This past December, I was at a party speaking with my dear friend Bennett. I don’t remember what I was eating or drinking, but I do recall that, in the midst of our chat, I consumed something I really didn’t like. I made the classic scrunched up face, pursed my lips, and said, “Eeew, this is bitter!” Bennett caught my eyes and said very carefully, “No. It’s bitter.”
Did you catch the distinction? Because, in that moment, he forever changed the way I think.
Noticing the trap
The trap I was falling into—the one Bennett implored me to become aware of—was the tendency to judge each and every experience on the scale of my likes and dislikes. Using this scale, the things I like—good coffee, sunshine, connection with friends—fall into the “good” category. I seek them out. I try to hang onto them. I mourn a little bit every time they pass.
On the flip side, the things I don’t like—nasty smells, over-crowded dance floors, paper cuts—fall into the “bad” category. I work to avoid them. I try to push them away. I mourn a little bit every time they arise.
Bennett’s comment was a reminder to stop judging. Every minute of every day we’re assailed with a storm of inputs—sensations, feelings, thoughts. Because we’re humans, we try to assign a category to each of those inputs. This is a desirable sensation. This is a bad feeling. This is a deep thought.
The trap is inside the adjectives. If we truly want to learn how to embrace each moment of our lives, rather than pulling some close and pushing others away, we need to understand that a sensation is neither desirable nor undesirable. A feeling is neither bad nor good. A thought is neither deep nor shallow. It’s just a sensation, feeling, or thought.
This coffee is just coffee. This crowded dance floor is just a crowded dance floor. This bitter taste is just bitter. No layers. No judgment. No choosing one over the other.
If you haven’t practiced this, it may sound like we’re stripping out some of life’s joys and sorrows. Don’t we want to rejoice in the pleasant experiences and reject the unpleasant ones? Well… yes and no. I think the real goal is to rejoice in every experience. Because it’s just an experience. And every experience gives our soul another opportunity for growth.
In other words
Michael Singer, author of The Untethered Soul, encapsulates this concept beautifully when he talks about the importance of keeping your heart open. He says:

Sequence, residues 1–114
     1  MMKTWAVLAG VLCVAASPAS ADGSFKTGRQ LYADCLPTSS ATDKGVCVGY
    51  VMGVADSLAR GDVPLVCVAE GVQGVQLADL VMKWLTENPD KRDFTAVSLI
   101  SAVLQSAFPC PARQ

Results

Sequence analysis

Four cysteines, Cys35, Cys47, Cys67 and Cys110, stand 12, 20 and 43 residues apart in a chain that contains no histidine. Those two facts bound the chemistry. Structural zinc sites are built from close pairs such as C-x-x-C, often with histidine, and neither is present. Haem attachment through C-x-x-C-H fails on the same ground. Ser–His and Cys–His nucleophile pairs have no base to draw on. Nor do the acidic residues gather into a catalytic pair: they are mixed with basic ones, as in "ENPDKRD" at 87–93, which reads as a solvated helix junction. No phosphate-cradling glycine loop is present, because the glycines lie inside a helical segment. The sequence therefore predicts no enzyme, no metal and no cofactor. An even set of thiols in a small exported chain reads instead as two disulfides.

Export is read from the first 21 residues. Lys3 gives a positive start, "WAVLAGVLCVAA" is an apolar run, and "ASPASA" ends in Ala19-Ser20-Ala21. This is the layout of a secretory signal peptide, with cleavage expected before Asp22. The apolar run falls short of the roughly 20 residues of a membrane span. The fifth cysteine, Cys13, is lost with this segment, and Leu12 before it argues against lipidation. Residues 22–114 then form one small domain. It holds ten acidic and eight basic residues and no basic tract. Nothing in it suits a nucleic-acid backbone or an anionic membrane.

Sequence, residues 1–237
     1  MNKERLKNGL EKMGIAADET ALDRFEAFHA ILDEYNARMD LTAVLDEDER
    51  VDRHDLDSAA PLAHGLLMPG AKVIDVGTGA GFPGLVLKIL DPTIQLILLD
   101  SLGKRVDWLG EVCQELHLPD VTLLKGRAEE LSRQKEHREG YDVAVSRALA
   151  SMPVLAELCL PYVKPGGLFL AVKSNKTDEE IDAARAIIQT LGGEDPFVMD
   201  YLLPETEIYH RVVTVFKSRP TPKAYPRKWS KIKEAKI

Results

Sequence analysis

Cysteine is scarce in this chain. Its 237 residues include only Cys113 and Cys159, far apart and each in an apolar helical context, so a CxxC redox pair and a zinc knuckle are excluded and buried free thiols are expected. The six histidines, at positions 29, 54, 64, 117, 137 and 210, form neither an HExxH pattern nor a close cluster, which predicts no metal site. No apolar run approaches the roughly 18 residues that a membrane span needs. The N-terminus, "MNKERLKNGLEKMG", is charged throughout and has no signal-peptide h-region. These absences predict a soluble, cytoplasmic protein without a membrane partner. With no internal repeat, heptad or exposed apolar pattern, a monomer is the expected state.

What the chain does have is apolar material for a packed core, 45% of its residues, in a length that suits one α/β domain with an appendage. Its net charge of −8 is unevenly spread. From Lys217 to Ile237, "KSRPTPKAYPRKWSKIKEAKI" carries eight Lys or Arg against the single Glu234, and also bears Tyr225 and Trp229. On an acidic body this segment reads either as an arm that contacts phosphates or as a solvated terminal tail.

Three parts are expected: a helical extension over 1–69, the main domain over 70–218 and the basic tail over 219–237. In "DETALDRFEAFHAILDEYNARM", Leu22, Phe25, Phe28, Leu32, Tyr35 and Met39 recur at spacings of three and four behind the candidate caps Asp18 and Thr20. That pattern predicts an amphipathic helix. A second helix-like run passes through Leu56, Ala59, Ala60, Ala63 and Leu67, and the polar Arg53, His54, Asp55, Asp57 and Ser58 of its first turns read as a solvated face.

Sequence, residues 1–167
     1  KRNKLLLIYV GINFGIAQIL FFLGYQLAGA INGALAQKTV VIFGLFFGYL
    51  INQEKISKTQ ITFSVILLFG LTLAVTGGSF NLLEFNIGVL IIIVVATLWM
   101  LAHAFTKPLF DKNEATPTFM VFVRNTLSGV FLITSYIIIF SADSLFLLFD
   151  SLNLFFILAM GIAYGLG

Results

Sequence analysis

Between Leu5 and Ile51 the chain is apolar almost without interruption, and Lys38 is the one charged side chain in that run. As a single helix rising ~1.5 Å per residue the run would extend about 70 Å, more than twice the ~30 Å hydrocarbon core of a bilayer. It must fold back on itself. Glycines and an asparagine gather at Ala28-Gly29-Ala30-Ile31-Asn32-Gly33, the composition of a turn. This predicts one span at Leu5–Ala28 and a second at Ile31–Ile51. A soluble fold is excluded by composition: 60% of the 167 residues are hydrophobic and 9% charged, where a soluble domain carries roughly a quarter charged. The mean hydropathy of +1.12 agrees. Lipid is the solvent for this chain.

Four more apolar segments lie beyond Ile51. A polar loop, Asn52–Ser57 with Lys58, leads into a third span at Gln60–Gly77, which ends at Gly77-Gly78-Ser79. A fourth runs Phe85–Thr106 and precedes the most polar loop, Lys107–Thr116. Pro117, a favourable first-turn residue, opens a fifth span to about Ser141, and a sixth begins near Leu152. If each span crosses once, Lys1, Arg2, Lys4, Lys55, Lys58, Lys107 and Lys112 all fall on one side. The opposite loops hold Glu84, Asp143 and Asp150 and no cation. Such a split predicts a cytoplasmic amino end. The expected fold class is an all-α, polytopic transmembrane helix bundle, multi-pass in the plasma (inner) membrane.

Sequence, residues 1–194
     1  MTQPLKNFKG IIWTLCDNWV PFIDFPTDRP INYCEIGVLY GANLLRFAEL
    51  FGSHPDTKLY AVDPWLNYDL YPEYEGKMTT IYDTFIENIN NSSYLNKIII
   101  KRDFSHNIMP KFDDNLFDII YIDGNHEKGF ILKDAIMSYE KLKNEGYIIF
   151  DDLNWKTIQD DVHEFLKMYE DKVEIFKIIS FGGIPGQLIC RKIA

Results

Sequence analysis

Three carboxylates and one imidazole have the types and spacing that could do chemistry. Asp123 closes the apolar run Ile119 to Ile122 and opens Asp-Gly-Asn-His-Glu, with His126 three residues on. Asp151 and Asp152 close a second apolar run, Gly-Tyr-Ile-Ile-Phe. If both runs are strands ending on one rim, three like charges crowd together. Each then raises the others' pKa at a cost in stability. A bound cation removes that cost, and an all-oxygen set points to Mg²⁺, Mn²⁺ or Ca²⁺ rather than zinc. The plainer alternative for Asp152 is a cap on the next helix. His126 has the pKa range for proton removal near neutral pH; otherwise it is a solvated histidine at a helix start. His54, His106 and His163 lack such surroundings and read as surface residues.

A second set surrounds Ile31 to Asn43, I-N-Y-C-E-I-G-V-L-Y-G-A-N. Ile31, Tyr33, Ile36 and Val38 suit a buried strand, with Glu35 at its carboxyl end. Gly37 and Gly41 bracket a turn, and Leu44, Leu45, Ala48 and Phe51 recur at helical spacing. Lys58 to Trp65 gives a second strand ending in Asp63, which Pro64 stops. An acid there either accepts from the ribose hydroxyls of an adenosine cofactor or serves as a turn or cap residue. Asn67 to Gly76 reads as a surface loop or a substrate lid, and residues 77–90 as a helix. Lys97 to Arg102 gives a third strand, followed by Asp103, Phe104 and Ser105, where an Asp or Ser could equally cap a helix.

“… two kinds of experiences can occur that block the heart. You are either trying to push energies away because they bother you, or you are trying to keep energies close because you like them. In both cases, you are not letting them pass, and you are wasting precious energy by blocking the flow through resisting and clinging.
“The alternative is to enjoy life instead of clinging to it or pushing it away. If you can live like that, each moment will change you. If you are willing to experience the gift of life instead of fighting with it, you will be moved to the depth of your being.”
The implications of this commitment are massive. By choosing to live inside each moment, without judging its relative worth, we find true inner peace. We can take pleasure in the moment of connecting with our friends AND take pleasure in the moment of leaving them. We can accept the so-called irritants life throws our way without stumbling or losing our equilibrium.
We can eat something bitter without recoiling.
Significantly, by consistently applying this practice, we can also learn how to rejoice in things we might once have considered undesirable. And I’m not talking little things, either. Believe it or not, we can say yes to the loss of a job. We can say yes to the disappointment of a failed relationship. We can say yes to a scary medical diagnosis. We can say yes to uncomfortable change. I’ve seen people do it. I’ve done it myself.
There is exceptional grace to embracing what is and then carefully choosing your response. The people who navigate these experiences mindfully gain wisdom, self-knowledge, and fortitude. They discover the reservoirs of their inner strength. And they stand as an inspiration to us all.
I’m not suggesting that we look to attract negative experiences into our lives. We don’t need to do that; life conspires to make them appear despite our best efforts. What I’m saying is, when they do arise, we get to choose how to react to them. We get to choose the extent to which they will harm us. We get to choose what behaviour to model to our children, our parents, our friends.
So the next time life throws you a curve ball, see if you can avoid the “eeew” and simply accept that this one is bitter.
About Aviva Rabinovici
In the corporate world, my bio generally underscores my extensive business experience. After earning a law degree, I started up my own company called AR Communications Inc., which is now one of North America’s leading copywriting boutiques. I’m proud of these achievements, but they don’t tell the story of what’s closest to my heart. What truly makes me shine is having nurtured a passionate, loving marriage for almost 25 years; raising three phenomenal children who light up my life; sustaining a 20+ year yoga practice; and most recently co-founding Conscious and Carefree—a blog dedicated to exploring how to live life fully in joy.
Originally Posted: http://bcarefree.com/2016/08/25/calling-it-like-it-is/